We all need inspiration and motivation in life whether you’re a fledgling entrepreneur, an aspiring professional, or a person merely seeking to grow and improve. When considering what books to read, many young people don’t know where to start. It’s only later in life, they begin the readers’ journey when it’s too late to apply the knowledge deciphered from great books.

This blog covers a list of books that have changed my life stimulating my own personal growth and adventure.

1 The Obstacle Is The Way – Ryan Holiday 


“There is no good or bad without us, there is only perception. There is the event itself and the story we tell ourselves about what it means”.

For the novice reader, this one is ideal. It’s short, easy to read yet littered with insightful and inspiring anecdotes. Coping with adversity and overcoming obstacles are aspects of life we all find difficult. This book delves into stoic philosophy and teaches you how to make life’s challenges your friend. It pushed me to look more deeply into the Stoic philosophy studying the meditations of Marcus Aurelius and Epictetus.

Their outlook is both admirable and courageous and I constantly seek it out during any trialing periods in my own life.

2 The Long Road To Freedom - Nelson Mandela 


“What counts in life is not the fact that we have lived. It is what difference we have made to the lives of others that will determine the significance of the life we lead”.

This book is intimidating at first glance. A book covering over 600 pages tends to have that effect. However, once you immerse yourself into the book then it becomes profoundly engaging. Personally, I thought Nelson Mandela was a bit of a sissy preaching non-action in the face of aggression. I was wrong.

He didn’t believe in violence unless there was no other recourse to protect yourself. Nelson did whatever he could to protect his people and achieve equality. He even organized gun running to help black South Africans fight back against the brutality of the White South African police. Nelson epitomized what we consider great leadership. Humble yet confident. Strong yet kind. Powerful yet selfless.

3 The Alchemist -  Paulo Coelho


“The simple things are also the most extraordinary things, and only the wise can see them”.

I read this book many years ago when searching for my own life purpose. I first heard about it from in a video where Will Smith mentioned it as a book he lives by and one which everyone should read. So I checked it out, renting it from my local library. I read it in 24 hours! It’s a short fable about a young shepherd who travels the world to fulfill his dreams. Inspiring.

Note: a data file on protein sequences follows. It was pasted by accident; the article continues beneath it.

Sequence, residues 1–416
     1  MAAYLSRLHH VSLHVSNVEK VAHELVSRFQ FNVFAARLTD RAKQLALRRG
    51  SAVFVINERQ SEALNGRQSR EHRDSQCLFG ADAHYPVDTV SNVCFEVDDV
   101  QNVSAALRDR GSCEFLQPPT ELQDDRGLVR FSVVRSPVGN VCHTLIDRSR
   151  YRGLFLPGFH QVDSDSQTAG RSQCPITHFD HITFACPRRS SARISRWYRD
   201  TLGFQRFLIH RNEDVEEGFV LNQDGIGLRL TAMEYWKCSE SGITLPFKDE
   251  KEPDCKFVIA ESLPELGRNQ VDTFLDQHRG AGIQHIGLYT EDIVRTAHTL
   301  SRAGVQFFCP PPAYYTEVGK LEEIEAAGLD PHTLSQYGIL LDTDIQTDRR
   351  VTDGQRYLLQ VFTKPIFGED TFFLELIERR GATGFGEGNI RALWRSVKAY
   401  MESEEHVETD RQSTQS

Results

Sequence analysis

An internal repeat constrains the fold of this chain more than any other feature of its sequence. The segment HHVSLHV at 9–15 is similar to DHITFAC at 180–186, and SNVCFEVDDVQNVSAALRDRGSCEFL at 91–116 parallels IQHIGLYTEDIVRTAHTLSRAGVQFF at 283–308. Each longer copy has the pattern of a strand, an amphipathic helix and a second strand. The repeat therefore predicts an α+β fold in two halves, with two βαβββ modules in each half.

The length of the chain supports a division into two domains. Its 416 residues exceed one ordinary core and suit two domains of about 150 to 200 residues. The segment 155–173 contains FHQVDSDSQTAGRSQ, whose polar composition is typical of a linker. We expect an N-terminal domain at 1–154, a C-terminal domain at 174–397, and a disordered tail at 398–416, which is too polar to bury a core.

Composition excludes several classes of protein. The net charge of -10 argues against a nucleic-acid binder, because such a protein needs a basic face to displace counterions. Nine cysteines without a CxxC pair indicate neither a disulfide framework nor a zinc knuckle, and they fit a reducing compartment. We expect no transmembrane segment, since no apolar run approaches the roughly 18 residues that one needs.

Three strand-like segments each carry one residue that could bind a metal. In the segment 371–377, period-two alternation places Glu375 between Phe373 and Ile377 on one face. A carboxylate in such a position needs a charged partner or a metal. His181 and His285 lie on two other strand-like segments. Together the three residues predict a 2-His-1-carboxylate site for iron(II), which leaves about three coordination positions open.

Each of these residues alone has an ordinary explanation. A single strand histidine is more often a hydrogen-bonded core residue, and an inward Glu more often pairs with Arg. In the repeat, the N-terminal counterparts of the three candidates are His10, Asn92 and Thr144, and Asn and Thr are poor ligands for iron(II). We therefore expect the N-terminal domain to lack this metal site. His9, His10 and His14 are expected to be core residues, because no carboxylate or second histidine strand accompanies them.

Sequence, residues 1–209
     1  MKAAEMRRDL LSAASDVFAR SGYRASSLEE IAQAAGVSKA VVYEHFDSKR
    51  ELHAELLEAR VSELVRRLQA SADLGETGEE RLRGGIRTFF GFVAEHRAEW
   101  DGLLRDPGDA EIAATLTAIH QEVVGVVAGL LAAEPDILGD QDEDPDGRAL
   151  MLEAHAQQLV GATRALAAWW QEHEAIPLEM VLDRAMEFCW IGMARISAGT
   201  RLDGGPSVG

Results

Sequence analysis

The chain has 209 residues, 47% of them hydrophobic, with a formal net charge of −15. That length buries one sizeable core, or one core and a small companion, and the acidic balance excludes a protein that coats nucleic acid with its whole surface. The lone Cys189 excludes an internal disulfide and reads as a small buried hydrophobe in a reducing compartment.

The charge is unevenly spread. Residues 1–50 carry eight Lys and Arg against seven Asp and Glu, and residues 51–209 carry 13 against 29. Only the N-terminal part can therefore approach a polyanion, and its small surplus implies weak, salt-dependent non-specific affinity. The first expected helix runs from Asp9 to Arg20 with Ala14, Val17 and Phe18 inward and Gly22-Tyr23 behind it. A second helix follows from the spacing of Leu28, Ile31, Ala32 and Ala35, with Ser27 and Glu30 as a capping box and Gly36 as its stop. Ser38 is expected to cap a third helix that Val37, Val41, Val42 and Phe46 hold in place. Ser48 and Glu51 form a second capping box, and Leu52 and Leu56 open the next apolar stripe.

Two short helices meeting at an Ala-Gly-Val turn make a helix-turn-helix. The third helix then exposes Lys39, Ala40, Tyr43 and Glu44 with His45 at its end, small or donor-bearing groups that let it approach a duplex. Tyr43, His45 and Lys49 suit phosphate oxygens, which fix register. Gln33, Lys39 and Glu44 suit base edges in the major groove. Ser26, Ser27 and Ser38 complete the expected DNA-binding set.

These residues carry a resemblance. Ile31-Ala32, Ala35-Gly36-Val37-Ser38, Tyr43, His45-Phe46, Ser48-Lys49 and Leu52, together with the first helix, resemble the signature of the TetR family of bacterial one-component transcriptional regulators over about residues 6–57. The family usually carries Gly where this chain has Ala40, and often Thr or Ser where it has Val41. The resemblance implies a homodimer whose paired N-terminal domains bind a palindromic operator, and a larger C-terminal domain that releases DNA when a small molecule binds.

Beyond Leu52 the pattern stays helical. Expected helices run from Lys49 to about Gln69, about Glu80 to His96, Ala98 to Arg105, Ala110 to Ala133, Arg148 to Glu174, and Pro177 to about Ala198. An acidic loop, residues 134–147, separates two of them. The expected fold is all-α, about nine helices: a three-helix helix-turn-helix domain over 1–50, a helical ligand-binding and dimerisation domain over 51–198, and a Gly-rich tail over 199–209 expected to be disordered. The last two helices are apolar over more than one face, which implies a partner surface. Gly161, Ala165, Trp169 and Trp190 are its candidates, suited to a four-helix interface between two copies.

4 Unbroken - Laura Hillenbrand


“Where there’s still life, there’s still hope”.

This book was one recommended to me by a friend. I always like to read books which were turned into films as it shows that book must have something special about the storyline. The old axiom holds true, though -  the book is always better than the film. Unbroken covers the true story of Louis Zamperini whose plane was shot down in the Pacific Ocean during World War 2.

His consequent tale of survival through horrific circumstances is inspiring and thought me that shit happens but it’s only in optimistically tackling challenges can we get through it.

5 The Monk Who Sold His Ferrari - Robin Sharma


“There are no mistakes in life only lessons. There is no such thing as a negative experience, only opportunities to grow, learn and advance along the road to self-mastery”.

Like most young boys, I dreamt of having all the money, cars, and women a man could wish for when I grew up. But, as you emerge into adulthood, you begin to realize that superficial things do not buy you happiness and there is much more to life. Then an extraordinary thing happens. Not only do you become happier but life becomes much more enriching and exciting.

The high you get post shopping spree is replaced by the high of progress and achieving your goals. You fall in love with the process rather than the outcome. You no longer judge the opposite sex (or yourself) by looks or superficial beauty. What’s behind the mascara drives attraction. Belfies turn your head but turn it the opposite direction.

The monk who sold the Ferrari was a book I read to escape the superficial world advertising has sold us. While a fable about a lawyer who quits his job to find himself, it mirrors Robin’s own life story of discovering his purpose in life. A story about finding inner peace and joy in the simple things in life.

6 Outliers The Story of Success - Malcolm Gladwell